9) There was no entry draft. The Leafs owned the Marlies, and before that the St. Mike’s junior franchises and they always had the pick of the litter to keep building their teams. The draft is fairer, of course. (Though I have to say my Dad was quite prophetic. He used to claim; back in the 60s when they instituted the “draft” that if a kid ever challenged the legality of the draft, he believed they could win the case. He felt a young player should not be restricted and should be allowed to decide what team he wanted to play for, just like anyone in any business can—and does. Dad was an early advocate for freedom of choice, in the sporting sense. That said, I’ve often thought he was just ticked off as a Montreal fan that the Canadiens lost their monopoly on all the great French-Canadian kids they had hidden throughout Quebec in the pre-draft days.)

10) There seemed to be fewer injuries in those days. Today, with the speed of the game, the size of the players, the way the boards and glass are constructed and the big equipment that everyone wears, we see too many concussions and knee injuries. Yes, guys were sometimes seriously injured in the old days—Tim Horton in the 50s and Serge Savard in the 60s suffered serious broken legs on open-ice “hits”. Gordie Howe went into the boards and suffered a serious head injury in an early 50s playoff game. Lou Fontinato’s career ended on similar play when he was with Montreal in the early 60s. But those were, relatively speaking, rare and isolated incidents. Some guys did play through concussions, for sure, and thankfully we know much more nowadays about dealing with that serious issue. (And yes, Bobby Orr had bad knees, and we didn’t have the medical technology back then to help him out much.) But I just don’t recall as many players having so many serious and season-ending injuries when I was young.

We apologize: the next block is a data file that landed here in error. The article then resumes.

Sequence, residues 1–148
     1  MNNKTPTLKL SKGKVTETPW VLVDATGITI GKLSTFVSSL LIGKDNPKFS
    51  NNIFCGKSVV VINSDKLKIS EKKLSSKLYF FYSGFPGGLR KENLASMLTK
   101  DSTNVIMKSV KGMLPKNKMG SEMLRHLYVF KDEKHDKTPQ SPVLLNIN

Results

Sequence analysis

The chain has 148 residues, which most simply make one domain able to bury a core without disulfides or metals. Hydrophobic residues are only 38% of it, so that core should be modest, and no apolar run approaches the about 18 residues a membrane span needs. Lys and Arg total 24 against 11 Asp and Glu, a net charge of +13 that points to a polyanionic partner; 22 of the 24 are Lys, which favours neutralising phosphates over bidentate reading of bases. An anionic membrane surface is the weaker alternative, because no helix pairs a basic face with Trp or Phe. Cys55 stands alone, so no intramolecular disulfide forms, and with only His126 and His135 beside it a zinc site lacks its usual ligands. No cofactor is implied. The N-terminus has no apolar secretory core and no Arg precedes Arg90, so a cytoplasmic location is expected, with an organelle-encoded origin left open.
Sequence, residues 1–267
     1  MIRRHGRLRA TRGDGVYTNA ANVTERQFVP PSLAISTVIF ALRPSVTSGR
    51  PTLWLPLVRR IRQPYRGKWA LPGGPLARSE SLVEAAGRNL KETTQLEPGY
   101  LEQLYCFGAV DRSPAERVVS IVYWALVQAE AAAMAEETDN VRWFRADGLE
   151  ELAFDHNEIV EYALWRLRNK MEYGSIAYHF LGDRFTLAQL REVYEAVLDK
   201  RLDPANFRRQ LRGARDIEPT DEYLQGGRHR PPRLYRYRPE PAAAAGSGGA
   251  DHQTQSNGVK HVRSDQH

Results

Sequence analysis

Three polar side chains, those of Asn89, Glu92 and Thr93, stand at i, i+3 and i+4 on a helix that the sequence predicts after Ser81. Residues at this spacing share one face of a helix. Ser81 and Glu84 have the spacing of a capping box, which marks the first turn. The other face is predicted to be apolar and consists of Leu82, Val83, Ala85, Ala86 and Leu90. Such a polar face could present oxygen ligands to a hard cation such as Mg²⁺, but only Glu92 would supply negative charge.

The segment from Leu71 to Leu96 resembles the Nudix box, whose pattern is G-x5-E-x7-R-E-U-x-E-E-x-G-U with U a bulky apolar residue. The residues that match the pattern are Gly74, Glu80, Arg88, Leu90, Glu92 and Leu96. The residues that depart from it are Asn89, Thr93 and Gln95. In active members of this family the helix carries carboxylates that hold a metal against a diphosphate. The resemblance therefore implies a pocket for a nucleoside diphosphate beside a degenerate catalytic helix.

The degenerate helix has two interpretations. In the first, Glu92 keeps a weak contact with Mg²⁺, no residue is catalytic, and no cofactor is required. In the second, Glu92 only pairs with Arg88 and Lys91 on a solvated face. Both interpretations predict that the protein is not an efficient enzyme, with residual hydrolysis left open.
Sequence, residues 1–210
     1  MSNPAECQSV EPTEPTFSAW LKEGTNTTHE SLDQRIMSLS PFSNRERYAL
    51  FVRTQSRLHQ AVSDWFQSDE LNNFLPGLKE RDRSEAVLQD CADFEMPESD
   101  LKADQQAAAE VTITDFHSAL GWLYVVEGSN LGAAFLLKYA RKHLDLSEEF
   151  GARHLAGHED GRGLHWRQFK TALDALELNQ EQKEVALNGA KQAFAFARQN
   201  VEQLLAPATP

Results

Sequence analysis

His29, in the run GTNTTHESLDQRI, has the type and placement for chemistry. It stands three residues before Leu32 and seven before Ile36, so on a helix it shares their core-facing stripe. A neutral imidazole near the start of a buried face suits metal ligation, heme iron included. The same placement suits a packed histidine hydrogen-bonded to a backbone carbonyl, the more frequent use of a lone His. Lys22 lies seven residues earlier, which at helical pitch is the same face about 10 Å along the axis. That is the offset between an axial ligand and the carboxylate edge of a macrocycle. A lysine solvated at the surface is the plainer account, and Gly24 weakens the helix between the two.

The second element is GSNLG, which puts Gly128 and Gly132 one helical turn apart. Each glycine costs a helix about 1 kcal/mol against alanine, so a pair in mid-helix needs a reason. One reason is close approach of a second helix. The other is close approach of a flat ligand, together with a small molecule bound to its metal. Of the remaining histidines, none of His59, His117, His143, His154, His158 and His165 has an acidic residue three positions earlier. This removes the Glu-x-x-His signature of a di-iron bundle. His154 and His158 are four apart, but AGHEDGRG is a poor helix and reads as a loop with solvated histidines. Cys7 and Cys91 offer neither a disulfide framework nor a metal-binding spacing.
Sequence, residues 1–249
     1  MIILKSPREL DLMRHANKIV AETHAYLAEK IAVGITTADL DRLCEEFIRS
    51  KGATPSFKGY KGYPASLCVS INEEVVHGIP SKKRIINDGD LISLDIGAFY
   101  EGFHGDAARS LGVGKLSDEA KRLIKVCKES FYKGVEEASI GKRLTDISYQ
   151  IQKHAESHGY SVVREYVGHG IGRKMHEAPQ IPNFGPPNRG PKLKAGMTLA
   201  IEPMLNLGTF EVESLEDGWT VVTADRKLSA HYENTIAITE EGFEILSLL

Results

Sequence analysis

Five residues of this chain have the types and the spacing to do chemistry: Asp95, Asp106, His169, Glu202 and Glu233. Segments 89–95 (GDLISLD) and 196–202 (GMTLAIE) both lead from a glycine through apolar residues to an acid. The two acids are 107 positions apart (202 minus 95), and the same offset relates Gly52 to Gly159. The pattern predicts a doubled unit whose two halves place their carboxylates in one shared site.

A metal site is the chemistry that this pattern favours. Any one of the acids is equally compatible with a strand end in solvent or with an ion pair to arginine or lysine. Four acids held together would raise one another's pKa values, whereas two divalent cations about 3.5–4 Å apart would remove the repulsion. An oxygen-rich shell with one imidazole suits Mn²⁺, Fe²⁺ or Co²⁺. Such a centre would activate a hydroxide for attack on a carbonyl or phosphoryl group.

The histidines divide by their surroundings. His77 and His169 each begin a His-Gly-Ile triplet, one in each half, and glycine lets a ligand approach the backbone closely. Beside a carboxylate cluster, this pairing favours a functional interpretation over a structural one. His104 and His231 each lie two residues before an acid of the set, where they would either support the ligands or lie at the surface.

11) I realize now I actually preferred the pace of the game in the 50s and early 60s. It was a slower, more strategic game. Players like Stan Mikita, who weren’t speed burners, were elite players because they saw the ice well and could manipulate circumstances to their favor. Don’t get me wrong, some guys could fly, but today, virtually everyone skates fast and the game is simply played at a different pace.

12) Most players didn’t wear helmets. I can name the guys who did off the top of my head. Charlie Burns, because he had a metal plate in his head and needed extra protection; Red Berenson, who came out of college hockey; Red Kelly off and on. Warren Godfrey, a defenseman with the Red Wings in the early 60s. There were likely others, but my point is not that guys should not wear helmets now. Of course they should. But back then, it was a different—and generally safer—game. And easier to identify the players.

A ‘bonus’ point: in the old days, a player would score a goal, and unless it was some major milestone, teammates would offer a quick ‘way to go’ and skate back to center ice. We didn’t have lights flashing and the parade of guys going to their bench to be congratulated by every single teammate after every single goal.

All this said, maybe I preferred the old days in some ways because there were so many players I loved to watch- Hull, Mikita, Keon, Henri Richard, J.C. Tremblay, Dickie Duff, were all in their prime. Guys like Howe and Beliveau were still impact players. Bobby Orr came on the scene in 1966. It was just a great time for hockey.

Oh, I’ll throw in one more on the list: The Leafs were better, much better, than they have been lately.

1 comment:

  1. This is a great article and should be required reading for hockey fans to gain a better understanding of how the game has evolved. Thanks for the memories.